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Diabetes Management

Diabetes Management:  What is it, Causes and Risk Factors, Treatments | National Heart Centre Singapore

Diabetes Management - Symptoms

Diabetes Management - How to prevent?

Diabetes Management - Diagnosis

Diabetes Management - Treatments

Treatment and Lifestyle Changes

Type I diabetes will require a regular dose of insulin, as prescribed by a doctor.

Mild Type II diabetes may be controlled through diet and exercise, with little or no medicine. However, most Type II diabetes will eventually require oral medications to control the blood sugar level, and possibly insulin injection in the later stage of the disease.

The basic treatment strategy is to maintain good control over the amount of glucose in your blood, eat a balanced diet, exercise regularly, and watch your weight. These will prevent the onset of diabetes mellitus.

  1. A balanced diet – You should avoid foods high in cholesterol and saturated fats such as animal fats, whole milk products, eggs, red meat such as beef and lamb, coconut milk and palm oil. Instead, choose lean meat, fish and low-fat dairy products and increase your intake of fruits and vegetables. Watch your sugar intake as well, opting for foods and drinks that are less sweet.
  2. Exercise regularly – It is important that you exercise at least three times a week. Although there are many kinds of physical activities you can do, walking is one of the best forms of exercise. Check with your doctor on which types of physical activities are suitable for you.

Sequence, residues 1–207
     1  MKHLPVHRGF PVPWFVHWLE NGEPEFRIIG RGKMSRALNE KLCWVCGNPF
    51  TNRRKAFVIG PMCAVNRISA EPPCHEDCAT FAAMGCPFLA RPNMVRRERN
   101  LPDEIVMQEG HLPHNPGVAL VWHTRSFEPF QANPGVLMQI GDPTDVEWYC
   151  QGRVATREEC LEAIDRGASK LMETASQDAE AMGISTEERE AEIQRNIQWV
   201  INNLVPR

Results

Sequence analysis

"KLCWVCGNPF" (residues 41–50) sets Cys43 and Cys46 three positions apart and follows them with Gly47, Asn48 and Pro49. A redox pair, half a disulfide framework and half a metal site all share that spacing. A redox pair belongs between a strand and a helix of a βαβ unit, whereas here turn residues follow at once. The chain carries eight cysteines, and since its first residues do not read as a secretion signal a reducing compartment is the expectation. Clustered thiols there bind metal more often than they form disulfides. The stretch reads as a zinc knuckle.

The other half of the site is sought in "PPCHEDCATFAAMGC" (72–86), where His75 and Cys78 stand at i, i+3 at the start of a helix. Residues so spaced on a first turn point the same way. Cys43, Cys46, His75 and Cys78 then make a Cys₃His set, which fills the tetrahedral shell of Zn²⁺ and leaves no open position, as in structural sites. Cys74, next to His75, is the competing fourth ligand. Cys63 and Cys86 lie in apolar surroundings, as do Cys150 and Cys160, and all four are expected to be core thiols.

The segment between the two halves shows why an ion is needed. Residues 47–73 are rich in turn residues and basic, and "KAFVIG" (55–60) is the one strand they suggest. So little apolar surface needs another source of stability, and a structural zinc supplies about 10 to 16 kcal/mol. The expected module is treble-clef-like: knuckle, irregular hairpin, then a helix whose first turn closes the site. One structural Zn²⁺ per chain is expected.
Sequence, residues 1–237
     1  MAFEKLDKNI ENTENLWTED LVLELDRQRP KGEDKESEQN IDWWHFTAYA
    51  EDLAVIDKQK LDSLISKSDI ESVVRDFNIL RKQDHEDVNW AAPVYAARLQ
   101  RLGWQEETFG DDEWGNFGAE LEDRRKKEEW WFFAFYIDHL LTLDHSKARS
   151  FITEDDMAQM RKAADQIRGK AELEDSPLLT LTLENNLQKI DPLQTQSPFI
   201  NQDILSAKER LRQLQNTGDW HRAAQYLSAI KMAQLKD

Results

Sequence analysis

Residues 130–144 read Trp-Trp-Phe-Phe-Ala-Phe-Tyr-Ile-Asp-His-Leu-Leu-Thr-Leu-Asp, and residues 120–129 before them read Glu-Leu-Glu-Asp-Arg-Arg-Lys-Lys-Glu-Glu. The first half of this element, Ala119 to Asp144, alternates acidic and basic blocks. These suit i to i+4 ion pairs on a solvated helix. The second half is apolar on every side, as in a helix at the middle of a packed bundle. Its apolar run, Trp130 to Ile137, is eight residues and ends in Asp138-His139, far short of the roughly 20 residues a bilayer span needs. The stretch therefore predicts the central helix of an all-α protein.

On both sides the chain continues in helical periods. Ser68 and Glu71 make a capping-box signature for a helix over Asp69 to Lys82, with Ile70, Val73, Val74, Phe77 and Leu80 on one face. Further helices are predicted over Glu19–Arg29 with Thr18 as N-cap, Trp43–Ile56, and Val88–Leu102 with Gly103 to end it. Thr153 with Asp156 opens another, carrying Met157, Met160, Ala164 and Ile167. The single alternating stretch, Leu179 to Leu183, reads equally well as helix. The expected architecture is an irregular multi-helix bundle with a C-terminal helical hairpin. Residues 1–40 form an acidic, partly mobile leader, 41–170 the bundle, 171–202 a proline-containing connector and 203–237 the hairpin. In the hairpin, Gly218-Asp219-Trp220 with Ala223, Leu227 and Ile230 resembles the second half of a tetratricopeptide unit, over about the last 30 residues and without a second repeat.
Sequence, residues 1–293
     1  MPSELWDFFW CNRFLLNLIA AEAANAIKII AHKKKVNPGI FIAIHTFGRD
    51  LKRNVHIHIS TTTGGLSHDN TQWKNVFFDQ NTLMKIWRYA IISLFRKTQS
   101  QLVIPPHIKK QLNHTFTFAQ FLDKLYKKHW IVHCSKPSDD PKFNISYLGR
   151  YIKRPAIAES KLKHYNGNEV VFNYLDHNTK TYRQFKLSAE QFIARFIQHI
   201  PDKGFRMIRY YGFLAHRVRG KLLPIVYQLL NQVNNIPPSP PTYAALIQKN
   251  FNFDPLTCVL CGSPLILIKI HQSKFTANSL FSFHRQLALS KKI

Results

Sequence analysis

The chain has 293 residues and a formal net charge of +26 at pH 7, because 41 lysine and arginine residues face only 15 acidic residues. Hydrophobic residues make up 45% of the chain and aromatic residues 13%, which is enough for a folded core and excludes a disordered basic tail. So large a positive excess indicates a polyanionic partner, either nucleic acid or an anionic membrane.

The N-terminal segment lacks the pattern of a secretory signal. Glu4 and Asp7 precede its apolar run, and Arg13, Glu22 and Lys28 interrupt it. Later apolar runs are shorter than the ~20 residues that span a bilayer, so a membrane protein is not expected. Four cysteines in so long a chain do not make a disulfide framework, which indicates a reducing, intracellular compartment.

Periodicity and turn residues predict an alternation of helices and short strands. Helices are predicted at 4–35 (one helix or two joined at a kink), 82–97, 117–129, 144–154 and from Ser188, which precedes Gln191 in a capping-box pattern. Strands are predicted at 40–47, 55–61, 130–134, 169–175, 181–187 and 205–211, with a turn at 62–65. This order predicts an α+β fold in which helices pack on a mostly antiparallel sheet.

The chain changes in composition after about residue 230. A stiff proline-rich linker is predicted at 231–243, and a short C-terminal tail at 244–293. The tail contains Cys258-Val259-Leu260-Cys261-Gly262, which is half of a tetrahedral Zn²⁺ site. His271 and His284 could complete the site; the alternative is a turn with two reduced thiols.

3. Watch your weight – Calculate your Body Mass Index [BMI = Weight (kg) / Height (m) x Height (m)], which will give you a good idea of whether you are keeping a healthy weight. A healthy range should be between 18.5 and 22.9. The ratio for waist and hip [Waist (cm) / Hip (cm)] is also important, which should be less than 1. Women should aim for a waist of 80cm and men less than 90cm.
BMI and waist circumference serve as convenient and fairly accurate measures of body fat. If the BMI is high but the waist circumference is normal, as with bodybuilders, there is no worry of excess body fat. If the BMI is normal but the waist circumference is large, as with men who have little fat around the face and arms but carry a potbelly, there is a worry of excessive intra-abdominal fat that carries a higher risk of coronary artery disease.

The ratio for waist and hip (waist/hip) is also important. It should be less than 1. Women should aim for a waist of 80cm and less than 90cm for men.

Body Mass Index (BMI) Classification by Public Health Action in Asians
Body mass index = Weight (kg)/ Height (m) x Height (m)

Diabetes Management - Preparing for surgery

Diabetes Management - Post-surgery care

The information provided is not intended as medical advice. Terms of use. Information provided by SingHealth
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